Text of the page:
Brown the onions in a little olive oil over medium-high heat. When they start to get translucent, add the diced apple. When the apple begins to brown and soften, add the diced lamb (or you can remove the apples and onions and set aside, so that picky eaters can have their meat all by itself). Add the spices to the lamb and heat until the meat is hot and begins to sizzle.

If you are serving this right away, go ahead and stir in a good spoonful or two of yogurt into the lamb mixture. But if everyone isn't gathered at the table all at once, leave the yogurt out and let each person add a dollop to their own sandwich. Cut warm pita in half, fill each half with the lamb and yogurt, and serve with a big salad. There shouldn't be any more leftovers!

Friday, April 8, 2011

Korean chicken wings

Sorry for the long radio silence, folks. Last week was Spring Break, and we drove all the way to New York to visit family and friends and see the sights. And eat. And eat, and eat some more. Nothing fancy, just the very best burger and fries EVER at the Shake Shack in NYC (I'm fairly certain the Shake Stack is the best thing I've ever eaten on a bun), lunch at a Japanese grocery in New Jersey, and some takeout wings from Bonchon. The wings were for the kids--the adults were having sushi--but we managed to snag a few from their greasy little hands. They are shatteringly crispy, sweet, salty, garlicky and completely addictive.

When we returned home, I found a giant bag (nearly seven pounds!) of chicken wings on sale and took it as a Sign from the Kitchen Gods. I cruised the internet for recipes, watched grainy YouTube videos of deep frying chicken, and took the plunge. To be fair, my attempt was not exactly the same as Bonchon, but it was still really, REALLY good. My taste testers asked if we could have "Momchon" wings every day. The post-frying kitchen clean up is not on my daily to-do list. But I will certainly make them again soon (there must be four pounds of wings left in the freezer), experimenting once again with the sauce. I won't change the technique, though I'd like to try rice flour instead of the flour/cornstarch mixture. And next time I'll hunt down some of the special Korean bean paste that is the base for the spicy version of the sauce.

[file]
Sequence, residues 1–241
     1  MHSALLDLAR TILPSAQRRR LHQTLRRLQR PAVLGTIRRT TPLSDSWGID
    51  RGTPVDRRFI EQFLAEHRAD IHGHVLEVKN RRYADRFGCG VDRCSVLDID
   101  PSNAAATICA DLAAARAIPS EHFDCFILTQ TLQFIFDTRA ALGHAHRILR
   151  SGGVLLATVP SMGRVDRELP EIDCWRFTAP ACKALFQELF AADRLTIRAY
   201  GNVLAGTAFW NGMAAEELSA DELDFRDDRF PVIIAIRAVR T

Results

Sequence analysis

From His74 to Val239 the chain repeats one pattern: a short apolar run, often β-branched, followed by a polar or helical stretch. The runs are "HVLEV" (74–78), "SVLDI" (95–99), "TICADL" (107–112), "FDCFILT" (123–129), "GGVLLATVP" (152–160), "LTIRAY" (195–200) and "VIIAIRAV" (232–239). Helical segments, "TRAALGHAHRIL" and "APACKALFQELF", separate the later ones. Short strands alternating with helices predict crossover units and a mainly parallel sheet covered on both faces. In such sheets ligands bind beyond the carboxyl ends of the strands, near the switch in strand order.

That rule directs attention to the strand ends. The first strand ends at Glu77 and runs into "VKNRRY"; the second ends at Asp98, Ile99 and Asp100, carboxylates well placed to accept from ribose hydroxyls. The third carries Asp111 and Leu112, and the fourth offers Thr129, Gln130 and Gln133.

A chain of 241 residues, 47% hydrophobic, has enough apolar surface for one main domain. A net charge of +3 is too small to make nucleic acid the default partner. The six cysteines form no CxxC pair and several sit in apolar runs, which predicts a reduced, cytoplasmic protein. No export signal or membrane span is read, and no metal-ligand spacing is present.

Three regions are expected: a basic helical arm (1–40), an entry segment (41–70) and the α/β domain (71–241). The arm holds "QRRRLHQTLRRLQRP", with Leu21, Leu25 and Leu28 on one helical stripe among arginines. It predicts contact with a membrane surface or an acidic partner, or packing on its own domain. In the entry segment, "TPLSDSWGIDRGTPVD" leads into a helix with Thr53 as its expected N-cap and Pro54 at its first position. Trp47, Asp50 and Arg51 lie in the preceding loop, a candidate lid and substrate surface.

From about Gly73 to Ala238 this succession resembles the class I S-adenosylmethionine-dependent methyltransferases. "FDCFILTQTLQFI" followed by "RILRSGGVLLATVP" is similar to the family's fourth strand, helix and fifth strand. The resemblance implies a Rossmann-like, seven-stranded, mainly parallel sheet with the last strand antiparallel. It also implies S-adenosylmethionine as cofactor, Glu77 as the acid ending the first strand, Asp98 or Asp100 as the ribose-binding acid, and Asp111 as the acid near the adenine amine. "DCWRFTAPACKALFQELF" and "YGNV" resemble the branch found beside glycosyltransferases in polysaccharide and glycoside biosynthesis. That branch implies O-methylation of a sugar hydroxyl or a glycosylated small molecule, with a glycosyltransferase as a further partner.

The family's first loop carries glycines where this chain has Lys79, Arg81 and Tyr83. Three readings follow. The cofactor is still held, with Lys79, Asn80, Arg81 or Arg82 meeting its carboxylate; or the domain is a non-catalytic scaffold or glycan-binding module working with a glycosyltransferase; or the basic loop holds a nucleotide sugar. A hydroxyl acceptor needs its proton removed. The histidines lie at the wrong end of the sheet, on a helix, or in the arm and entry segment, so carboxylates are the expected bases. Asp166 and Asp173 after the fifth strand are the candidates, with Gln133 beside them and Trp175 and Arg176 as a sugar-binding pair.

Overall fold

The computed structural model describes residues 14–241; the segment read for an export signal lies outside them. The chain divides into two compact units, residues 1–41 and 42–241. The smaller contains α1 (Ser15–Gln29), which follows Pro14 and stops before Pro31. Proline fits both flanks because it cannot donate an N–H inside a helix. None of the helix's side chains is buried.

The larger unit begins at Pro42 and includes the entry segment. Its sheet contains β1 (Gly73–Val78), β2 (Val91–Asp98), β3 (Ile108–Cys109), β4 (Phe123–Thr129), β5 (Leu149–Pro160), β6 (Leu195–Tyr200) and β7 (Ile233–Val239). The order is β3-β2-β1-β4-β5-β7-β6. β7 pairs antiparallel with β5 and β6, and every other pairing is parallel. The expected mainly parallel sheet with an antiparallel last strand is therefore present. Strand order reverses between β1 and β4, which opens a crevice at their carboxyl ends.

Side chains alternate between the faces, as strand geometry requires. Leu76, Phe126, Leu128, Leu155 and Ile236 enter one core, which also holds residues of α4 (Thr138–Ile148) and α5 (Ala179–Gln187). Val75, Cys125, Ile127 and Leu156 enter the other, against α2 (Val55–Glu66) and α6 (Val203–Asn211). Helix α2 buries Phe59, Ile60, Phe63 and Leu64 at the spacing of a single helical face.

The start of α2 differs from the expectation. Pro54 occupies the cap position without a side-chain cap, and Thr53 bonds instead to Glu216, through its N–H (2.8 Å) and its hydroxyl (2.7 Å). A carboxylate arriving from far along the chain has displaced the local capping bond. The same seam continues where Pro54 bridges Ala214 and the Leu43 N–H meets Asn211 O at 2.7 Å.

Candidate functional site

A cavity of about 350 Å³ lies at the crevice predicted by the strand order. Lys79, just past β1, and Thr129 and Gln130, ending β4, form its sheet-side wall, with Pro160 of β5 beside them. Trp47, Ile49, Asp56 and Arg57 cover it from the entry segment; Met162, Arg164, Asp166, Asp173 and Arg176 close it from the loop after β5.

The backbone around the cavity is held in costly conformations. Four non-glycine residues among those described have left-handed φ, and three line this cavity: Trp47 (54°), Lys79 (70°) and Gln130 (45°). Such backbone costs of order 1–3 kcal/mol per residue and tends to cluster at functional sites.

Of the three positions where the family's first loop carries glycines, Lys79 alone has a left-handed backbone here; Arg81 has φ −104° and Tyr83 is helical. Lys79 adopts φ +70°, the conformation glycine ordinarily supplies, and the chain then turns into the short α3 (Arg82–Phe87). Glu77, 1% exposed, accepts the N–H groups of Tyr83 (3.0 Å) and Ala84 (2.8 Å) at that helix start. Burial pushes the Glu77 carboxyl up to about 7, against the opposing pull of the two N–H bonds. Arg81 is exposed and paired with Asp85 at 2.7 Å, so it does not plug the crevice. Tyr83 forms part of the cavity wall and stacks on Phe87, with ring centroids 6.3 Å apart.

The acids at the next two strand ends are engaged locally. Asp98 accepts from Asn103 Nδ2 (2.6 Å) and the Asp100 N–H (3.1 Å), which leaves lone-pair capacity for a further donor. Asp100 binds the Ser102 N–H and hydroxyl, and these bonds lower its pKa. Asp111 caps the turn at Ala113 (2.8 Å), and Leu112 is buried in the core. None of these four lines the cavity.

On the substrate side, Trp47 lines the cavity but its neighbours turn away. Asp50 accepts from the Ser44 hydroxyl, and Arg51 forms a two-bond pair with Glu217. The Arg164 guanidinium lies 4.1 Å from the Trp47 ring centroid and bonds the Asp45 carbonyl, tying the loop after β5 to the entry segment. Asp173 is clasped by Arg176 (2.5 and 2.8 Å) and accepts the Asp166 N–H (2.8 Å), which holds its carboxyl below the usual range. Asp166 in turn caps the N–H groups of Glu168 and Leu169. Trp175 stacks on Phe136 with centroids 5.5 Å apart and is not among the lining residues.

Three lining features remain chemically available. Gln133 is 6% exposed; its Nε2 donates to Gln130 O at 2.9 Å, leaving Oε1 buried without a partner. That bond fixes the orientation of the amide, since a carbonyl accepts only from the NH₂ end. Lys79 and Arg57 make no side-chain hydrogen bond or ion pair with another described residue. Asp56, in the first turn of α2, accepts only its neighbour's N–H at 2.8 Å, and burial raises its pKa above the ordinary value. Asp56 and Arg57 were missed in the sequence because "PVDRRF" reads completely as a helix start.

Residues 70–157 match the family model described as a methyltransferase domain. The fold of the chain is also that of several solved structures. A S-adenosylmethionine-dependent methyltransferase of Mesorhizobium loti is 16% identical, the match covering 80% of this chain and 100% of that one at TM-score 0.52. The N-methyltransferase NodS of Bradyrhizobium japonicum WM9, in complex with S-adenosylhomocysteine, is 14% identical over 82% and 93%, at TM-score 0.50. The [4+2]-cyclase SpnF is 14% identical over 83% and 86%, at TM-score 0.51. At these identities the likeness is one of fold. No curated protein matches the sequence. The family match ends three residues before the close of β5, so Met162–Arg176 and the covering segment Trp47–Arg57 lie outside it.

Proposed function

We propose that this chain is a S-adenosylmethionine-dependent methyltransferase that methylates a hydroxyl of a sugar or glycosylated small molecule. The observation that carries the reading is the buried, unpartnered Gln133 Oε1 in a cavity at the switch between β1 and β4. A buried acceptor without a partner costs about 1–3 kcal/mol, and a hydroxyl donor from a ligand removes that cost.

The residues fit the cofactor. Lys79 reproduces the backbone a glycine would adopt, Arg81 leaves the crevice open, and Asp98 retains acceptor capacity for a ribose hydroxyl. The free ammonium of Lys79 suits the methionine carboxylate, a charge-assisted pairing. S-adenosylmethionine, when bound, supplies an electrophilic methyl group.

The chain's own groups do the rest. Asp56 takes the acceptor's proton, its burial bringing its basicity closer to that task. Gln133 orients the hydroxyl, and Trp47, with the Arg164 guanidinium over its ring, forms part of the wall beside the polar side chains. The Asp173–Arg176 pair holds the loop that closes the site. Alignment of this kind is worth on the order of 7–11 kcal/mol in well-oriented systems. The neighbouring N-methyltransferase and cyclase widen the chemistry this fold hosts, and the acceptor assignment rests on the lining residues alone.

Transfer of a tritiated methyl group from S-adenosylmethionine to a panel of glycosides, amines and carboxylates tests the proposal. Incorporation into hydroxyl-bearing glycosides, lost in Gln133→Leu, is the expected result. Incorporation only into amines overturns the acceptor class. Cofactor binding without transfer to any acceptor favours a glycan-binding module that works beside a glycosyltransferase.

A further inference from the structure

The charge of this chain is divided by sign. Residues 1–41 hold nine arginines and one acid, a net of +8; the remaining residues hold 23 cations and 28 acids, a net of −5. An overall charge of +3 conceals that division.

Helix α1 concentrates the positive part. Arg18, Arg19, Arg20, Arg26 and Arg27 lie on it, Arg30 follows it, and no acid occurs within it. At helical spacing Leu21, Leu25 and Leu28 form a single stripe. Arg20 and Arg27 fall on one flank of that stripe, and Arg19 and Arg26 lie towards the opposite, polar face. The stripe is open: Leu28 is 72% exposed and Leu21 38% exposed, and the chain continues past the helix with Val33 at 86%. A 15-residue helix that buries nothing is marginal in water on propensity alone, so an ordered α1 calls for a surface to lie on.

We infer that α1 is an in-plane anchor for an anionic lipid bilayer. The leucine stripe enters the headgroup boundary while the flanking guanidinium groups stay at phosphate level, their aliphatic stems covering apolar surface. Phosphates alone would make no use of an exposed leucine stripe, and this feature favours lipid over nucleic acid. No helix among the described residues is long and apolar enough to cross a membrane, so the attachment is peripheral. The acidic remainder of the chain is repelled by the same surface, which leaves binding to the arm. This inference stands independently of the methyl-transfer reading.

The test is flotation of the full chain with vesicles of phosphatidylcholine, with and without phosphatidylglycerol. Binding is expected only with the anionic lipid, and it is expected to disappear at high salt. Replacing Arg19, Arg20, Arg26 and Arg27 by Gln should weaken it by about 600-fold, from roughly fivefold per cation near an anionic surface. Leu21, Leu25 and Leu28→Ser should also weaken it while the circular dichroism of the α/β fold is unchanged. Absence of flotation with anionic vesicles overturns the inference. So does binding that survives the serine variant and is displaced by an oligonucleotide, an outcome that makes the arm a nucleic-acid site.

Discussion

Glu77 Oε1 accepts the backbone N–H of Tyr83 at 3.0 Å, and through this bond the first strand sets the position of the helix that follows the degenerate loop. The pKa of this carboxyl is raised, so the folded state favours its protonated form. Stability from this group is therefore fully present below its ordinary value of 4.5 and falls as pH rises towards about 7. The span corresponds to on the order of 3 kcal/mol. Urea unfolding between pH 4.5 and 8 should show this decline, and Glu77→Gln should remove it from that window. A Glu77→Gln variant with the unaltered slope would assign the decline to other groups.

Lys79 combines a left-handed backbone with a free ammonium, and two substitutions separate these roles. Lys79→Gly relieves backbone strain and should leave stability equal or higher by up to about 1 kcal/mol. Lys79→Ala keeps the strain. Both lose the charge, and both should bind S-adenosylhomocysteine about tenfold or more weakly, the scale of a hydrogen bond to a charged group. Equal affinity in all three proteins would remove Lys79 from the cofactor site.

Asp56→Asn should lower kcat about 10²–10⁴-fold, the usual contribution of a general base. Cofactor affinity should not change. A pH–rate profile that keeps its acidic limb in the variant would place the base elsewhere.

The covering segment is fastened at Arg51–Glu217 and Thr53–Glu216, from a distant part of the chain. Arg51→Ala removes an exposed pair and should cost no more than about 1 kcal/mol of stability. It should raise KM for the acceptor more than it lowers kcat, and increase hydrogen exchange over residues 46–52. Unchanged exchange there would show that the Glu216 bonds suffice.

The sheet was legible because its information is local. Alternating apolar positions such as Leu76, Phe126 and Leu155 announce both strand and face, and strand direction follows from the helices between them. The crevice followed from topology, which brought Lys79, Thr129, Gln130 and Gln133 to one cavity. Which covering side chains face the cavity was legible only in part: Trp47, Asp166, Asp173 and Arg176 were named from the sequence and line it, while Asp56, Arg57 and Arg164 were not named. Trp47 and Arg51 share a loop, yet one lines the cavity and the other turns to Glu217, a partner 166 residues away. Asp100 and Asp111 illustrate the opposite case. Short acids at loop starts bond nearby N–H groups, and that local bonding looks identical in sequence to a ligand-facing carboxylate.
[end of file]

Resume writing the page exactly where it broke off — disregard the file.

Momchon Chicken
Marinating wings

15 chicken wings, tips cut off, and cut in half at the joint (30 pieces)
1/2 medium onion
2 cloves of garlic
1/2 tsp. salt
freshly ground pepper

1/2 cup flour
2/3 cup cornstarch
salt and pepper


5 cloves garlic, chopped
2-inch piece peeled ginger, chopped
1/4 cup soy sauce
2 T. rice vinegar
2 T. honey
1 T. Asian sesame oil

After the first fry
Grate or mince 1/2 an onion. Add 2 cloves garlic, minced, salt and pepper. Toss chicken wings in this mixture to coat; marinate in the refrigerator for at least an hour. (I used a covered bowl, but a plastic freezer bag is also perfect.)

Mix up the sauce and bring it to a simmer in a small saucepan. Let it simmer gently for about 5 minutes. If you make it ahead, just warm it again as you're frying the wings.

Heat oil in a heavy, deep pot until it reaches 350 degrees.

Mix the flour, cornstarch, salt and pepper in a bowl or zippered freezer bag. Toss the marinated wings into the flour until completely coated. When the oil is at 350, add 1/3 of the wings to the pot and deep fry for about 5 minutes, until golden. Pay attention to the temperature and don't let it go above 350! Remove from the oil and let drain on a rack or paper towels. When the oil comes back up to temperature, fry the next batch. When all the wings have been fried once, bring the oil back up to temperature and fry them in batches again for 4-5 minutes.  Drain on a rack or paper towels, and immediately brush with the warm sauce.